The Matter of Manred Continues…
With the day of her arranged wedding fast approaching, will the Lady Eithne agree to marry King Eowain? What sinister forces have gathered to oppose the happy day? And what interest do the mysterious drymyn-priests and their dark, forgetful Gods have in such a mundane matter as love?
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Who is the Lady Eithne?
Since the day she was born, the Lady Eithne of Dolgallu has lived under a magical prohibition: she may not marry before the omens are deemed favorable.
Now, after a harrowing journey to the most sacred place in the Five Kingdoms, the mysterious priests and priestesses of the powerful Drymyn Order have pronounced the omens favorable, and her wedding to King Eowain of Droma has been arranged.
But Eithne has the right to accept—or reject—her suitor.
She did not set this geas upon herself, didn’t ask for the special attention of the Gods to her love-life. Yet the time for her decision has come.
Eowain has proven himself loyal, brave, kind—all the things any woman might ask from a man.
But there’s the way of it: “This is the man, you must marry him.” Is she not a free woman? Was she not guaranteed the right of choice?
Eithne is frustrated by the expectation that she will simply acquiesce to her fate, that she must accept that the Gods wove some secret pattern for her life and she can do nothing to stop it.
So how can she prove she has the freedom to choose if she doesn’t choose, “No”? How can she know for herself that her will is truly her own if she consents?
Read an Excerpt!
Eithne cursed at the door and gave it another futile kick, then went to the earthen decanter on the chest and sniffed at it, poured a dram into the cup and eyed it with suspicion—but no need. It was only cool, clear water.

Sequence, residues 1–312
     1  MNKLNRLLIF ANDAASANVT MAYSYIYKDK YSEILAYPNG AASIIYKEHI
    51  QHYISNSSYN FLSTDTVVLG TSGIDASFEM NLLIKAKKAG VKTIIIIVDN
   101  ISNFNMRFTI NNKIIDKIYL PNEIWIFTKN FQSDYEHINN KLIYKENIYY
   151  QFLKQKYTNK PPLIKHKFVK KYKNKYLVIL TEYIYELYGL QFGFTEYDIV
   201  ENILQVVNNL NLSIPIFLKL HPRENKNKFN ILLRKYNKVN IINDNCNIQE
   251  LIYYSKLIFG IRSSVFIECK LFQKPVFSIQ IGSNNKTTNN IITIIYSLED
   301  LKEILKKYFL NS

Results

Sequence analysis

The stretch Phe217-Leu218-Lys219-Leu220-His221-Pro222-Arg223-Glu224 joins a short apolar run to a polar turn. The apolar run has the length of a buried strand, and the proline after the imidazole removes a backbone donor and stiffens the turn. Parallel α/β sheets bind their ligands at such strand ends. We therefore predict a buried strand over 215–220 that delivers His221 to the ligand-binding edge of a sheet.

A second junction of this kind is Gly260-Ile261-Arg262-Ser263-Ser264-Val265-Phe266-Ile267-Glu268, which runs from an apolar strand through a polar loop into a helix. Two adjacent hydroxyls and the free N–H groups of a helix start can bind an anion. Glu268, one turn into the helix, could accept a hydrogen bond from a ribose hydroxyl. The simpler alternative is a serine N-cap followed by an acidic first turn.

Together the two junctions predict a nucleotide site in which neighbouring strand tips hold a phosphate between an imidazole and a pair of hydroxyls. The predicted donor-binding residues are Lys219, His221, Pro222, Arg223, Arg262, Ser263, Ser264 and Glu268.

Gods but a spot of ôl would be welcome, she thought, then filled the cup and drank.
The room around her lacked any personality. The stone walls, floor, and ceiling were dank and everything smelled of mildew. It might have been some time since the room had last been used, and the previous tenants had left little to define them. An hourglass full of sand, a hairbrush, and a small hand-mirror of polished brass stood upon the second chest.
Idly, she overturned the glass to set the sands running and drained her cup. How long do they think they can keep me cooped like a hen?
Eithne picked at the cold meats, the early spring berries, and felt guilty.
Lying to a drymyn wasn’t as bad as striking one, but that didn’t make it right.
She had to admit to herself that old Alva meant well. Eithne was warm, fed, watered, safe for the first time in—Gods, when was the last time I felt safe?—yet she couldn’t help but feel trapped. The room was close and narrow, the walls made of stone, the air mildewed, and a single candle was all she had for light. She didn’t even know what hour of the day it was. Was it noon? Evening? She’d come to the temple near dawn, but she’d been underground ever since. The hourglass, its upper bulb nearly empty, signified nothing.
She beat her fists against her knees as she sat down on one of the beds. The way they discount and undermine me? I don’t need their protection, no more than I needed Eowain to risk his damn fool neck for me. I know how to fight.
Her father’d seen to that, taught her sword-play and spear-work until she was as good as any man in their village.
The unrelenting torrent carried Eithne under the black stone wall.
Eithne’s face broke the foaming surface of the lustral spring waters for a moment. She gasped for breath. The current rushed through the center of the outer hall and plunged down from the hill on its stony course into the valley below.
She tumbled with the cataract over the precipice. Her leg and arm banged against one wall of the stone channel, her back buffeted against rough bricks. Foaming spume filled her nostrils, stung at her eyes.
Then water closed once more over her head.
Her feet hit the soft muddy bottom. She flexed her knees and pushed off, up, toward the surface and the air. The sodden blue robes and linen gown dragged at her.
She broke surface and gasped.
The sun lingered behind mountainous walls around the Vale. Dawn? Dusk?
The sodden robes pulled her down. The pool was deep enough to drown her.
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